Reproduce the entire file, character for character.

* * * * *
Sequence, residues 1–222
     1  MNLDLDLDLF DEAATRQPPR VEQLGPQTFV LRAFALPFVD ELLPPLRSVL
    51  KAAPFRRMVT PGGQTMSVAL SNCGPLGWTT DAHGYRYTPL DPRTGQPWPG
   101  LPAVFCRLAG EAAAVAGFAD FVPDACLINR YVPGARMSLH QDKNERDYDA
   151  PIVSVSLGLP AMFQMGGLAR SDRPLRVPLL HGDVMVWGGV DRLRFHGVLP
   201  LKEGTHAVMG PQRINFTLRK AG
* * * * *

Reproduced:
Sequence, residues 1–222
     1  MNLDLDLDLF DEAATRQPPR VEQLGPQTFV LRAFALPFVD ELLPPLRSVL
    51  KAAPFRRMVT PGGQTMSVAL SNCGPLGWTT DAHGYRYTPL DPRTGQPWPG
   101  LPAVFCRLAG EAAAVAGFAD FVPDACLINR YVPGARMSLH QDKNERDYDA
   151  PIVSVSLGLP AMFQMGGLAR SDRPLRVPLL HGDVMVWGGV DRLRFHGVLP
   201  LKEGTHAVMG PQRINFTLRK AG